Church Attendance Down, Pastors Poorer: Study

Giving is up, going is down, and getting remains the same. Those are the results of a survey of church offerings, attendance and pastors’ salaries that the Barna Research Group says indicates that while there is widespread interest in “spirituality” across the country, it has not yet fueled the nationwide revival anticipated by many leaders.

In their yearly tracking of Protestant churches, the Barna researchers contacted 604 senior pastors and found that the annual operating budgets of churches rose by 5 percent, to an average $110,000, from 1998 to 1999. Median adult attendance at church services this year was 90–five less than the previous 12 months’ average. Pastoral compensation–including salary, housing allowance and other benefits–remained essentially unchanged, at a median $35,195.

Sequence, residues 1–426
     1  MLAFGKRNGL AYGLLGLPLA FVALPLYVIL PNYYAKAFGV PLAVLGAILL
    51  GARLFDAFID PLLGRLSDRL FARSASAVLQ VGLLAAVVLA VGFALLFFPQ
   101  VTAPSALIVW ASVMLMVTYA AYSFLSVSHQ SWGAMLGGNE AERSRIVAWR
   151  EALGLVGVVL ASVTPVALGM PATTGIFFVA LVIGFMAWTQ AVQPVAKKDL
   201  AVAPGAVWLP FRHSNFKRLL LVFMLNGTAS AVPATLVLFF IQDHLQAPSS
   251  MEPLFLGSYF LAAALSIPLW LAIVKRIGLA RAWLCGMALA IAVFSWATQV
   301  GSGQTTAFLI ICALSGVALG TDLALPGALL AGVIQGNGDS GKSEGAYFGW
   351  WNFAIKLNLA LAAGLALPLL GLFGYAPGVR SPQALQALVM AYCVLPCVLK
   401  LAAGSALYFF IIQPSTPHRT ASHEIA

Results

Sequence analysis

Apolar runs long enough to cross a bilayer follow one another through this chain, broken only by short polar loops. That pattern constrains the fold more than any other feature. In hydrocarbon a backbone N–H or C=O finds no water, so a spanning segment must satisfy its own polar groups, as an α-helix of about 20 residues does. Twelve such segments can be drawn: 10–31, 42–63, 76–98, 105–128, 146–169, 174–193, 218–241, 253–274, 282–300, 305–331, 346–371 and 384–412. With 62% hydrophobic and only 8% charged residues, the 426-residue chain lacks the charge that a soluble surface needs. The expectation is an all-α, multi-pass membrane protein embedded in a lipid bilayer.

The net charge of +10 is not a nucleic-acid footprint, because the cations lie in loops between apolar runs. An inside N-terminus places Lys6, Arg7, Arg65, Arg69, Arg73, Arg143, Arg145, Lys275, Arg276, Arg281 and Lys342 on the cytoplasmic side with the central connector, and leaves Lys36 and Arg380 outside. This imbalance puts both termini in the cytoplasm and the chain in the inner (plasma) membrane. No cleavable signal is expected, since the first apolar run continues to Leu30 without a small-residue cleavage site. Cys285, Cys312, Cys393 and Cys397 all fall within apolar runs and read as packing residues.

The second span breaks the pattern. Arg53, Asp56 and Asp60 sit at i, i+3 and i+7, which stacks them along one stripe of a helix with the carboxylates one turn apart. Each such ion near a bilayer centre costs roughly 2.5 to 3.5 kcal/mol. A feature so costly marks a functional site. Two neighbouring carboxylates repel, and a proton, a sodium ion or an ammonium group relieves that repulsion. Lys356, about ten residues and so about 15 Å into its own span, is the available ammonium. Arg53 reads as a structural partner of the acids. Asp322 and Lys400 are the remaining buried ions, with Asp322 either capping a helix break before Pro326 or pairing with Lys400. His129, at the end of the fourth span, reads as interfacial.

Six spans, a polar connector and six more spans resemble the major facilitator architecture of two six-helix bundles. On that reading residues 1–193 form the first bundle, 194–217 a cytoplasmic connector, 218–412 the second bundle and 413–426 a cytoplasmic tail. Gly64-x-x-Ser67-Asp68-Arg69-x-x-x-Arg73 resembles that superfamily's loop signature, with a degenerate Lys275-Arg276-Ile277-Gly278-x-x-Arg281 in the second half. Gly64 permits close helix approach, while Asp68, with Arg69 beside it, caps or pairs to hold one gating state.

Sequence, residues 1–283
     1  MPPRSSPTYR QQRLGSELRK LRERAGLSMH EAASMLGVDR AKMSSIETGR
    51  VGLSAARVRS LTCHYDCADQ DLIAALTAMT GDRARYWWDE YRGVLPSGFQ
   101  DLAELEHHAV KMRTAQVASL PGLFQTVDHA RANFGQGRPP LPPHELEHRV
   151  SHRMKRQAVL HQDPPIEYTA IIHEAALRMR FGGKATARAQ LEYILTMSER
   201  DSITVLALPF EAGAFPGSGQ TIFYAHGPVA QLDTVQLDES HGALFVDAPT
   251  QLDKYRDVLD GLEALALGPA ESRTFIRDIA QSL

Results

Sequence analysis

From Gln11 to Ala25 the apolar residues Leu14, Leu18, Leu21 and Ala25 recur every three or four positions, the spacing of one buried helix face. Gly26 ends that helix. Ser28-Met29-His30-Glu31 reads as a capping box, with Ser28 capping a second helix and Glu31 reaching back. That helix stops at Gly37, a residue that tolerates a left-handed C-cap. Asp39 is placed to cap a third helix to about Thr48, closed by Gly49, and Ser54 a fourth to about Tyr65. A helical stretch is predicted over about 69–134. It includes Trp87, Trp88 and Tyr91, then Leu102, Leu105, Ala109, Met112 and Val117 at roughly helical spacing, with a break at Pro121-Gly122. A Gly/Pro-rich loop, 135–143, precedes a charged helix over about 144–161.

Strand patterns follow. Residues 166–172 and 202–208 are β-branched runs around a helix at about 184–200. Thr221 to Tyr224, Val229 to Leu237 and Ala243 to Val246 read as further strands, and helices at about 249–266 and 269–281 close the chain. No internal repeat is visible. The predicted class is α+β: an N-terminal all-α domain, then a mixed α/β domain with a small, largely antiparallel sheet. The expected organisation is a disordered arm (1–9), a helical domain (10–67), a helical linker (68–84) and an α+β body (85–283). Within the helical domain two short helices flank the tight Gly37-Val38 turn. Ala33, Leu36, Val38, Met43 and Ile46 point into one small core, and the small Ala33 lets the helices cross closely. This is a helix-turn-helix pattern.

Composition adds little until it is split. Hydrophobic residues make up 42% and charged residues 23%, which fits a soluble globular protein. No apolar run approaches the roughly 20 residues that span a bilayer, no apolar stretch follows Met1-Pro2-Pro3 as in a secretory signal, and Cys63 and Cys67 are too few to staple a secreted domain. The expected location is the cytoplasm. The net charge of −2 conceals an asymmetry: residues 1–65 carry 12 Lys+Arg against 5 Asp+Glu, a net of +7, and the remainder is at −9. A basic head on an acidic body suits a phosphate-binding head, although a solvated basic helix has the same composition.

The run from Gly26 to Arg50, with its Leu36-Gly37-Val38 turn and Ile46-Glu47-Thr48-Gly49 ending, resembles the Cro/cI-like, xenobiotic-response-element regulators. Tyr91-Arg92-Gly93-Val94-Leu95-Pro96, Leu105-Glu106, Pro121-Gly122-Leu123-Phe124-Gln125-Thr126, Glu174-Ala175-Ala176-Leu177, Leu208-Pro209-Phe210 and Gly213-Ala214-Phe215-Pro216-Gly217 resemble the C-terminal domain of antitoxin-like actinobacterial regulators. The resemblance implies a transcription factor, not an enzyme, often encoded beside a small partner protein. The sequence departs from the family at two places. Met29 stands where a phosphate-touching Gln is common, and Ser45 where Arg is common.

President of the Ventura, Calif.,-based group, George Barna, said that Protestant churches had lost 10 percent in average weekly attendance since 1992, while the population has grown by 9 percent. Although giving since 1992 had increased more than the cumulative inflation, pastoral compensation had not kept pace with the cost of living, he said. “In effect, pastors are earning about 12 percent less today, in real dollars, then they were at the beginning of the decade.”

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